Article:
The first differential amplifier 54 has each of its two inputs coupled to one of the electrodes of the transdermal drug delivery device 20. The output of the amplifier 54 provides a sensed voltage feedback signal, as described previously, which varies proportionally to the voltage supplied across the electrodes of device 20.

The second differential amplifier 56 has its two inputs connected across a current sense resistor 58 which is connected in series with one of the electrodes of device 20.
The current flowing through the electrodes will also flow through current sense resistor 58, which is a fixed resistor of relatively low value, and will cause a voltage drop across the resistor, which is sensed by second differential amplifier 56. The output of the second differential amplifier 56 provides a sensed current feedback signal, as described previously. The sensed voltage and current feedback signals are provided to the respective inputs of feedback selector circuit 52.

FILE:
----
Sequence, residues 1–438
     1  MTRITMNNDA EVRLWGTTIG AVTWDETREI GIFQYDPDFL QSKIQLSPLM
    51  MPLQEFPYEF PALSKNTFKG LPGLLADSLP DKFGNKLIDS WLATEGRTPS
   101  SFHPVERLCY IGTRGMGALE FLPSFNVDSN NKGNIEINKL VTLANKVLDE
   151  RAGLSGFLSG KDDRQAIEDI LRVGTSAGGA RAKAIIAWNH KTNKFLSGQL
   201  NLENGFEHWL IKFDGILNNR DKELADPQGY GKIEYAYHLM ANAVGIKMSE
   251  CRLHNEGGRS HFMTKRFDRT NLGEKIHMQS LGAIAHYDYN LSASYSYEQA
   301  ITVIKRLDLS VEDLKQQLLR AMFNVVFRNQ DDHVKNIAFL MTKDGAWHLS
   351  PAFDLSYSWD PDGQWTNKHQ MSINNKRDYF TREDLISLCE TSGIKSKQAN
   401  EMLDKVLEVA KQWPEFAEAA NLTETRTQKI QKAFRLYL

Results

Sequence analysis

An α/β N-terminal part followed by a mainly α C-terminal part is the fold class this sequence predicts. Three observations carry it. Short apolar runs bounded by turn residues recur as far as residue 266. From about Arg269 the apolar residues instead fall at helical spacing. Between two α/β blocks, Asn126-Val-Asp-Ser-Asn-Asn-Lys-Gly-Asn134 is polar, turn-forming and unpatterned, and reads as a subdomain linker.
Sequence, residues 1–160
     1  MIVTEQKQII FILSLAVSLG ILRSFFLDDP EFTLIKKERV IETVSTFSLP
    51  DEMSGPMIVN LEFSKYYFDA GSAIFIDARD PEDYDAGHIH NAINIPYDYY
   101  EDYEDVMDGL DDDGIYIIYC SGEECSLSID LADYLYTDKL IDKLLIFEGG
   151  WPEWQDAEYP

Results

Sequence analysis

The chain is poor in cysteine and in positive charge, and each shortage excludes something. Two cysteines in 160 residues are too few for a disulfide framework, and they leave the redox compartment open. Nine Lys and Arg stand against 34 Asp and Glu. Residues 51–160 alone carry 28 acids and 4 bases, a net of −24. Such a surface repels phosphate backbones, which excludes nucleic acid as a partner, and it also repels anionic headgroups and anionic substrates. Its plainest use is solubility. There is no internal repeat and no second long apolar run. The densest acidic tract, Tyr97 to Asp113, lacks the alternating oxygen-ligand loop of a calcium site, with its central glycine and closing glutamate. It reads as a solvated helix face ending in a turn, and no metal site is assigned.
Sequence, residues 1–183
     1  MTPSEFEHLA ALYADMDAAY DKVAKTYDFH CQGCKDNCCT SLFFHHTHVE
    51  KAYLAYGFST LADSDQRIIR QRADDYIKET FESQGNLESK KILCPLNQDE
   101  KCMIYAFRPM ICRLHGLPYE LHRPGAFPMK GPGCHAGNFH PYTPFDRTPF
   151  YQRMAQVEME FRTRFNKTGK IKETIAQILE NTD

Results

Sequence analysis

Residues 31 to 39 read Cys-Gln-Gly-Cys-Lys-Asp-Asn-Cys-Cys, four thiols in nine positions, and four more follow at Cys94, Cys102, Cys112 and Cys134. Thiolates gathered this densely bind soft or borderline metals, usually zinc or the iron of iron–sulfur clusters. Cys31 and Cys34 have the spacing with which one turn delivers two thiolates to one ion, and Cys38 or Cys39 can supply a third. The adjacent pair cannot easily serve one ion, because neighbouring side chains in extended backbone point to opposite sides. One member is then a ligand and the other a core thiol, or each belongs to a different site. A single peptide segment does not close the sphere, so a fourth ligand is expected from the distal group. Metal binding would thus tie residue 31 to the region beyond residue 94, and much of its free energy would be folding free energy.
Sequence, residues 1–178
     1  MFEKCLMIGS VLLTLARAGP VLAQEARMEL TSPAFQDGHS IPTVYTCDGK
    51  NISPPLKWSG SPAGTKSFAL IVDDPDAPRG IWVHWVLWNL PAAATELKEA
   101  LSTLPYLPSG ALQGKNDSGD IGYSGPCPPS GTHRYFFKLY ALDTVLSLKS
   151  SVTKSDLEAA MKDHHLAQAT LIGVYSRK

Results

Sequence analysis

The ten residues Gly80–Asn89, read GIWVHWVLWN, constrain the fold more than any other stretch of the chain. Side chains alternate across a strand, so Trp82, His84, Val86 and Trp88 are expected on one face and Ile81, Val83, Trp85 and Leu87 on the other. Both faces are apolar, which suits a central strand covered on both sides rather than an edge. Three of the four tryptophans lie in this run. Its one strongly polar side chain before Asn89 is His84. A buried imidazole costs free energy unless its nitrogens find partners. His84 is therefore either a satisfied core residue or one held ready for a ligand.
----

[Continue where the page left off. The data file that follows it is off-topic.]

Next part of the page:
The electronic circuit of the iontophoresis system further includes a multiplication circuit 60. Multiplication circuit 60 includes two inputs on which are provided the sensed current feedback signal and the sensed voltage feedback signal. The multiplication circuit 60 multiplies the two feedback signals and provides a sensed power feedback signal on its output. The sensed power feedback signal is provided to one of the inputs of the feedback selector circuit 52, as described previously.